note: image copyright Katrin Wegmann (www.katrinwegmann.de)
Monday evening Old Mission held a penance service, and I picked up, Rosie, the widow of my recently deceased friend, Jack, who has difficulty walking. Getting to confession is a difficult task for her, so she welcomed this evening opportunity.
As I drove up to her house in the country outside our small town afterward, we saw a tow truck with a vehicle on it, blocking her driveway. She recognized the vehicle as belonging to her unemployed grandson, who lives with her.
"Oh, no!" she exclaimed. "They are repossessing his car. I know he has been having difficulty making car payments. Now he will have no way to get a job."
Rosie also comes to our Tuesday prayer group, and she had been praying for the last few weeks for her grandson, Gary, who had recently lost his job and was experiencing some financial difficulties, including having to move out of his apartment, the reason he was living with her. She had also been praying that George would come to faith.
We found a place nearby to park and got out of the car. I took out Rosie's walker. Gary approached Rosie as she started to walk toward the house.
"Grandma," he asked in a whisper, "Can you help me? My car broke down in a city two hours away where I had gone for a job interview and needed to be towed back here. I think I can fix it, but the tow truck owner won't leave the car unless I pay the towing fee."
"How much?" she asked.
"$185," Gary said, flinching, knowing that Rosie would be angry, mainly because she did not have that kind of money.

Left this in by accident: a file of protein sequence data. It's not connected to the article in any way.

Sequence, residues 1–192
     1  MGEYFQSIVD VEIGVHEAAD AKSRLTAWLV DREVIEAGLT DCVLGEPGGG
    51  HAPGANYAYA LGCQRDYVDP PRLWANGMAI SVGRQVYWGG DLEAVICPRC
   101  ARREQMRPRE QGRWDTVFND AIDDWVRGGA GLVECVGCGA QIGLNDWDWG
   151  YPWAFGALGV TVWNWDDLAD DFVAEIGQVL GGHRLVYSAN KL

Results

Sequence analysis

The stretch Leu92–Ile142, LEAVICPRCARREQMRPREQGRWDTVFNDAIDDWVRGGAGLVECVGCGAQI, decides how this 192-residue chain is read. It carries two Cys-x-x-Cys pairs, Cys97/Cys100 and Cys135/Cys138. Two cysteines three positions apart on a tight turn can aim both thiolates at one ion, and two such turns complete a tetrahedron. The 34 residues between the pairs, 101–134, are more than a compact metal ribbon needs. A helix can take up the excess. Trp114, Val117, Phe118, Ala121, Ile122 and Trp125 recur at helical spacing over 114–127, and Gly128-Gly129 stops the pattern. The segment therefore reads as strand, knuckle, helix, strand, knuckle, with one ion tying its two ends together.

"I don't know what to tell you or what to do," she said. "I don't have that much, not here and not in the bank."
Gary was crestfallen -- and worried. "He will have to take the car back with him, then," he said. "I don't know what to do, either."
Having overheard this conversation in spite of Gary's attempt to keep it private, I asked, "Will he take a credit card?"http://www.blogger.com/img/blank.gif
"Yes, he will," answered Gary, "but I don't have a credit card."
"Well, I do," I told him. "I have God's credit card, and it can handle $185."
"Are you sure??" He was stunned.
"I am sure," I told him. "That is the purpose of this card. God will make sure it gets paid off."
With great gratitude, Gary accepted the offer. I sent Rosie into the house, it being cold outside, while Gary, the tow truck driver, and I handled the transaction. Gary thanked me several times, and then I left.
The greater thanks came today, however. Our prayer group gathered at my house for our monthly spiritual movie night. (We watched Gospel Road.) After the movie, we spent some time together, as usual, in prayer, including praying for intentions that had been shared with us.
Rosie had a special intention. "Gary knew I was coming here tonight," she said, "and asked us to pray for his job search to be successful."
Doris, who was on transportation duty for Rosie today, was surprised. "Gary? Really? I thought he did not believe."
"Well," said Rosie, "something seems to have changed."
Yes, indeed, there is something special about God's credit card.
(And today, as I was leaving McDonald's after picking up a drive-through lunch, a young man was holding a card, saying "traveling, broke, hungry." I returned to the parking lot, explained to him I had no cash with me but I did have God's credit card. We went into McDonald's together, and he ordered a meal. We also ordered a meal for a second man, a local homeless one by all appearances, who said "just feed my friend; I don't need anything" (an obviously untrue assertion). Then, just in case, I purchased a gift card and left it with the young man should he be hungry in the future. God's credit card has many uses!)
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